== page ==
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Stack exchange isn't a good platform for product recommendations in general, but a few sites allow it with a tight focus and control. Some that have allowed it in the past have decided to discontinue it for a variety of reasons.

I expect at the start we are going to get a lot of "What specific machine should I use" or "is there a 3D model of item X I can print".

  1. Should we allow product or part recommendations?
  2. If we do, what can we do to make sure they are limited, rather than open ended questions where dozens or hundreds of answers would be different but correct?
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  • $\begingroup$ Consider: 3D printing technology is evolving fast. Faster than technology in many fields. New designs and products are coming out all the time. Any recommendation made today is going to be wrong or worthless sometime between a week from now and 6 months from now. $\endgroup$ – Martin Carney Jan 13 '16 at 19:25
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I agree with Jeff's blog post: https://blog.stackoverflow.com/2010/11/qa-is-hard-lets-go-shopping/

don't ask us what you should buy -- ask us what you need to learn to tell what you should buy.

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3D printers are, I do believe, on-topic for Hardware Recommendations (I moderate that site, so one might hope I'd know that).

In terms of recommendations in general, I recommend not even trying to get them into your scope yet. As a site that's just been set up, and was not set up specifically for recommendation questions, getting the balance of them right without 100% focus on the subject is difficult.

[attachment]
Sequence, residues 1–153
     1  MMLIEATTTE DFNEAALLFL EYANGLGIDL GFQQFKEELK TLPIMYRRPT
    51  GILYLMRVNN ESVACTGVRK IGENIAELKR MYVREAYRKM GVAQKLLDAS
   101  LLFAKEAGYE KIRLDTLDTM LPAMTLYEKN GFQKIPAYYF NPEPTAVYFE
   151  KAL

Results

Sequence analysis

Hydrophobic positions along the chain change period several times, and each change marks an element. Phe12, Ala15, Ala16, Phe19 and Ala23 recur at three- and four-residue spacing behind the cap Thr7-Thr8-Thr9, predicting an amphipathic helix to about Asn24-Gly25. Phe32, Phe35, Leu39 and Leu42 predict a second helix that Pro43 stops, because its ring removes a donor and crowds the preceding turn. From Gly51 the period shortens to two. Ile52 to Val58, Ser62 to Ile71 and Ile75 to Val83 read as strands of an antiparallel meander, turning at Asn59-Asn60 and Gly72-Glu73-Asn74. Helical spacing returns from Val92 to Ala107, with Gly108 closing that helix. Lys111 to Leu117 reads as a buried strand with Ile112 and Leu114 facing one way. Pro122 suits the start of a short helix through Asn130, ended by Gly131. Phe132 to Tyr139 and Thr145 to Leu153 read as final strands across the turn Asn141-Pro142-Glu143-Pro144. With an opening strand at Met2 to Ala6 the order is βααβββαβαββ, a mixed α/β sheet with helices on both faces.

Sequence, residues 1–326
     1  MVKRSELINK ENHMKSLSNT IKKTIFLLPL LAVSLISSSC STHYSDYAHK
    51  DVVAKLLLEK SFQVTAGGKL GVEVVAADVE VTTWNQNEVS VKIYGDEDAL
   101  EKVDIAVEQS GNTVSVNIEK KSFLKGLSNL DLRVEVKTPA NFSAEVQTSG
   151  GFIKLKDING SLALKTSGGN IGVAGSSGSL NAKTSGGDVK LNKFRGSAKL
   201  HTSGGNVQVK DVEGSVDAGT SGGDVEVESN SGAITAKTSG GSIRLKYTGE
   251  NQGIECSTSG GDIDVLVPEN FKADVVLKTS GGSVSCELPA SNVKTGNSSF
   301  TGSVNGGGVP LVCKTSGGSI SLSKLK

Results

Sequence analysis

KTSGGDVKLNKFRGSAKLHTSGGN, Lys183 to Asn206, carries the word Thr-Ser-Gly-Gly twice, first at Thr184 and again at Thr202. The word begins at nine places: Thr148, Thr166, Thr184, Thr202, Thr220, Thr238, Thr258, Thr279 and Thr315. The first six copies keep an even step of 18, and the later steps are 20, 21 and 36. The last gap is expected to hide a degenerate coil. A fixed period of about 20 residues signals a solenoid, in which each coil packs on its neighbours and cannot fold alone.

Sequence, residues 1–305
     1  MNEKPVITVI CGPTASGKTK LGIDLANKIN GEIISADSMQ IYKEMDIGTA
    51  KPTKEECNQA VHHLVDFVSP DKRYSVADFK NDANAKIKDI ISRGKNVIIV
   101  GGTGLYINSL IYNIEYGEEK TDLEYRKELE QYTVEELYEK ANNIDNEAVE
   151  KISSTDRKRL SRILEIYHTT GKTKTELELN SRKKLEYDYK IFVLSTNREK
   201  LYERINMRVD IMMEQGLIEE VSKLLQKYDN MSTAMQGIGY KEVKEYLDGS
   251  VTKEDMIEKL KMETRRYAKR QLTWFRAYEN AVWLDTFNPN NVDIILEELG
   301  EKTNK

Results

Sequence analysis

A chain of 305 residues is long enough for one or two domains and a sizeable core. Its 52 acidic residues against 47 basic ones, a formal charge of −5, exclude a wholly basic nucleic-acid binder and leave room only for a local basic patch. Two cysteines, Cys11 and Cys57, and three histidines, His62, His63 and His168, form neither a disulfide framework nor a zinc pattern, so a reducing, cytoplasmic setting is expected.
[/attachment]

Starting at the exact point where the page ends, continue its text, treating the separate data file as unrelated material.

Get a good, balanced, secure scope in place first, then try to include recommendation questions if you still want them.

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I think that hardware recommendations are ok, but in a limited and specific scope:

Bad:

Can you recommend a cheap printer with a heated bed that's at least 8"*8"*8".

Which is better? Printer X or printer Y?

Good:

What hotend can I use to print at 300+C?

What are the advantages of borosilicate glass over picture frame glass?

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    $\begingroup$ I like the borosilicate glass question, but I'd lump the hotend question into the bad category primarily due to localization in terms of time. There may only be a handful right now, but half of them will stop being produced in a few years, and a dozen more will pop up in that time. $\endgroup$ – Adam Davis Jan 13 '16 at 16:50

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